So, you've put together a résumé that got you a callback for that all-important job interview. Now, instead of a hundred other applicants, it’s you versus four or five others.
You already know the basics: arrive on time, solid greeting, eye contact, rehearse standard sample questions, be clear, concise, and correct. But what are the things that you need to display that will give you the edge? More to the point, what are those things that you can display that will get you the job?
Many HR managers today look strongly at “fit;” with the team, the corporation or with themselves as direct reports, and some will say it is as important as job competencies.
Other employers will concentrate more on the nuts and bolts – what the job is and why you are the best person to do it. These interviewers care less about who you are rather than what you know and what you’ve accomplished.
The one thing you have to remember is that the interview is a SALES CALL. It’s where you have to draw upon every advantage you have to beat out the four to five other people who are selling the same thing: themselves. So, even though this may be for a position that has NOTHING to do with sales, it’s not always the applicant that has the best qualifications that gets the brass ring, it’s often the best salesperson.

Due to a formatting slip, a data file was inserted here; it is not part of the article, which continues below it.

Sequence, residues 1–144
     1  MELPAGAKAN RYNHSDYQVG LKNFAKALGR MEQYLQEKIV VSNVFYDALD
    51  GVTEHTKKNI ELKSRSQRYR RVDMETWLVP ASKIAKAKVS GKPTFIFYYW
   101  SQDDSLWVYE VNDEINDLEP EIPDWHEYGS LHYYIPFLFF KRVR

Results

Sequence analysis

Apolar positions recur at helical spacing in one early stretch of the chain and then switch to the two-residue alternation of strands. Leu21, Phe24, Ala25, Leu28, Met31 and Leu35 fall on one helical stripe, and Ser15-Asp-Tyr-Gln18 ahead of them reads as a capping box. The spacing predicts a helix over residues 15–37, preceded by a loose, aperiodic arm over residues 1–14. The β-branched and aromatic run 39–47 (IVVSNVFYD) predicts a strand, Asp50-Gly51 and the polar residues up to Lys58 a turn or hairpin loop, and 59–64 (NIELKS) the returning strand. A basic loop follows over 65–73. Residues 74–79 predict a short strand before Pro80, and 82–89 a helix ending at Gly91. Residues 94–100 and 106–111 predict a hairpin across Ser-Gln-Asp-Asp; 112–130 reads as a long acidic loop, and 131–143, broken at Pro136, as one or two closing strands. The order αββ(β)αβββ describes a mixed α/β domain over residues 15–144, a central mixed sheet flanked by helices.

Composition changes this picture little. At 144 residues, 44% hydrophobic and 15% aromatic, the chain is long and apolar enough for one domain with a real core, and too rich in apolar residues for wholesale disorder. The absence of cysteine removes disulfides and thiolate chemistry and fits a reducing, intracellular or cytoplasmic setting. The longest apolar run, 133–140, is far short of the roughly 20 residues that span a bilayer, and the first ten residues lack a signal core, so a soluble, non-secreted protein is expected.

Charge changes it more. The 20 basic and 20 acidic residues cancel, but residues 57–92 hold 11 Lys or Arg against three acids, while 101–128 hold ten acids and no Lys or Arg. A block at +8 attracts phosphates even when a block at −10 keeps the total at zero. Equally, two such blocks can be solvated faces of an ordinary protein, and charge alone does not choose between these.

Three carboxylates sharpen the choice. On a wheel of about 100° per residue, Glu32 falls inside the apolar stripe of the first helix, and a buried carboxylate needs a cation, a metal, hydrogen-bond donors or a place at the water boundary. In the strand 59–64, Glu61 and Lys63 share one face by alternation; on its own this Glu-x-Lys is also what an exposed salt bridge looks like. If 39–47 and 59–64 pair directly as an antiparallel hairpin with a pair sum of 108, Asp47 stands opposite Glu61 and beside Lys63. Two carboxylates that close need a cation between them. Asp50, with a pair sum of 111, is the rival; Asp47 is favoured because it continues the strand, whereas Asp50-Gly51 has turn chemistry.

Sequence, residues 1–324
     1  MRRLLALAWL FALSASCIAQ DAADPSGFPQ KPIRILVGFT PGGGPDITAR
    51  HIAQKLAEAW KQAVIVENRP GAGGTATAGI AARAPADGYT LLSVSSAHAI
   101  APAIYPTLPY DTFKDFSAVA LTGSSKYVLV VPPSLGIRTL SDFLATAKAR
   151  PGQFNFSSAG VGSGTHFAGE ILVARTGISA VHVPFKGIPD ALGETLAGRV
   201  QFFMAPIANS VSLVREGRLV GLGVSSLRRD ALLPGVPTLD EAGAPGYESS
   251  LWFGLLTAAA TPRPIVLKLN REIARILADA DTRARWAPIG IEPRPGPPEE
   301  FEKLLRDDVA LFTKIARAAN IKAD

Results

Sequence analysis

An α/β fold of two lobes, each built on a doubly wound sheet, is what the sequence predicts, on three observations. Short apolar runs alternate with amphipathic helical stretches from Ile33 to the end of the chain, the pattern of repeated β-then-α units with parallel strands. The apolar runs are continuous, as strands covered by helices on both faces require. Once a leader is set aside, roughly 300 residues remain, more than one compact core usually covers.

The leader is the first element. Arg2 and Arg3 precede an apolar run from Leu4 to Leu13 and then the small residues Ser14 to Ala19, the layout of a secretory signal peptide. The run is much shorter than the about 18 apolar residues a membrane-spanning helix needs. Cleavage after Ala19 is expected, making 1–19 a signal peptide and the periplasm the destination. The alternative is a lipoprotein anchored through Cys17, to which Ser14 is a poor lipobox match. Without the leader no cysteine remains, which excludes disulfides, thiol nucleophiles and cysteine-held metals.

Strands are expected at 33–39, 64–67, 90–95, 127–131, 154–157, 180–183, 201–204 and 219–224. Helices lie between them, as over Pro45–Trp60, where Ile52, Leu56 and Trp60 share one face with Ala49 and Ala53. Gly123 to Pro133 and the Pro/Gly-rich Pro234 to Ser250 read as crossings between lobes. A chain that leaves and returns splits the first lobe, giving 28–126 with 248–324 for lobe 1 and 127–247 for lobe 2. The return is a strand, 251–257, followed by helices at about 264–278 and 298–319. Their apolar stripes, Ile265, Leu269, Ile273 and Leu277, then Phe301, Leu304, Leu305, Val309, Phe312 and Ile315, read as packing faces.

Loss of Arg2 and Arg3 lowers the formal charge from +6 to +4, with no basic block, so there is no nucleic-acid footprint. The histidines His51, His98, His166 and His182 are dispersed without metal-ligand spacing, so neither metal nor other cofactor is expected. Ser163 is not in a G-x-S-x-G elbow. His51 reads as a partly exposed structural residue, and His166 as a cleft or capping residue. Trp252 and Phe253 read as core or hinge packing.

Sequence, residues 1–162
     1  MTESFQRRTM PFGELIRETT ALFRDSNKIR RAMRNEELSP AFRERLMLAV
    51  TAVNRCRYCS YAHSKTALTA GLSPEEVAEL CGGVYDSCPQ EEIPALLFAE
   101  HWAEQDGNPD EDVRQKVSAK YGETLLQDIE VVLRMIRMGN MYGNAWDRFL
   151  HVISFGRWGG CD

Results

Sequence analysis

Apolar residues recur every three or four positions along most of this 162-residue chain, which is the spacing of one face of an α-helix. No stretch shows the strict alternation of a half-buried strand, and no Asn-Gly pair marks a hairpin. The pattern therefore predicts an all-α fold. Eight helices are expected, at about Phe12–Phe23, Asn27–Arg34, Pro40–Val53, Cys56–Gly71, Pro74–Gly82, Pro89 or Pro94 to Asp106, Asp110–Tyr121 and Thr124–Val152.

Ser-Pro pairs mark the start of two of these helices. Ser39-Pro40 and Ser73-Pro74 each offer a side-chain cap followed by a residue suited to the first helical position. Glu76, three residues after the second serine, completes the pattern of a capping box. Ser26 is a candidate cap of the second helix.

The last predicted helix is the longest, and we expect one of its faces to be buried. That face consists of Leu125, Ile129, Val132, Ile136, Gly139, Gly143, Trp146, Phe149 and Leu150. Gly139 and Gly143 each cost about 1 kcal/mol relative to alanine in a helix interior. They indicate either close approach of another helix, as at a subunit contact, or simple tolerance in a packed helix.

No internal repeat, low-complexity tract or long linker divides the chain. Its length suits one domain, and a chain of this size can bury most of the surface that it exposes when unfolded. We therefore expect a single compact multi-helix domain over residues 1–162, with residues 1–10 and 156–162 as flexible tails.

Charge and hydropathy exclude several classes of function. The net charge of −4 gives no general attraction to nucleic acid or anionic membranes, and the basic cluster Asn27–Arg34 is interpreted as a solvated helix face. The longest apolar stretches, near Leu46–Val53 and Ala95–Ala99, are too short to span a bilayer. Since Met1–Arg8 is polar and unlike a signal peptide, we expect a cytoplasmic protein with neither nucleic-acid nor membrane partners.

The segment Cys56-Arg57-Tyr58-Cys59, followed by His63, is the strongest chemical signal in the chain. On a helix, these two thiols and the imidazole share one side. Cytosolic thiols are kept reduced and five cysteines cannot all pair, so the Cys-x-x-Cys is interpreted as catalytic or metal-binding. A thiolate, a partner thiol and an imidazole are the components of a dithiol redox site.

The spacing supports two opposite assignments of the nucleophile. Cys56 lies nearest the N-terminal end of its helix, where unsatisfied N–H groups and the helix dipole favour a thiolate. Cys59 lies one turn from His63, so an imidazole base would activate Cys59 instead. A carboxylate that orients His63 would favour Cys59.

Of the hundreds of interviews I have hosted or attended, without fail, the jobs went to the candidates who displayed their proficiency in displaying the following traits best.
It’s about the sizzle, not the steak. Passion, enthusiasm, drive, call it what you want, it’s something that interviewers know cannot be taught. And employers are always looking for it. If I could give prospective interviewees one piece of advice, it would be that no matter WHAT you talk about: your job, your hobbies, your ambition, your former colleagues, your family, for goodness’ sake, make sure you say it with passion! And when you talk about the prospect of joining the company, draw upon those aspects of the job that appeal to you most and speak enthusiastically about them. Employers want applicants who get excited about the prospect of working for them.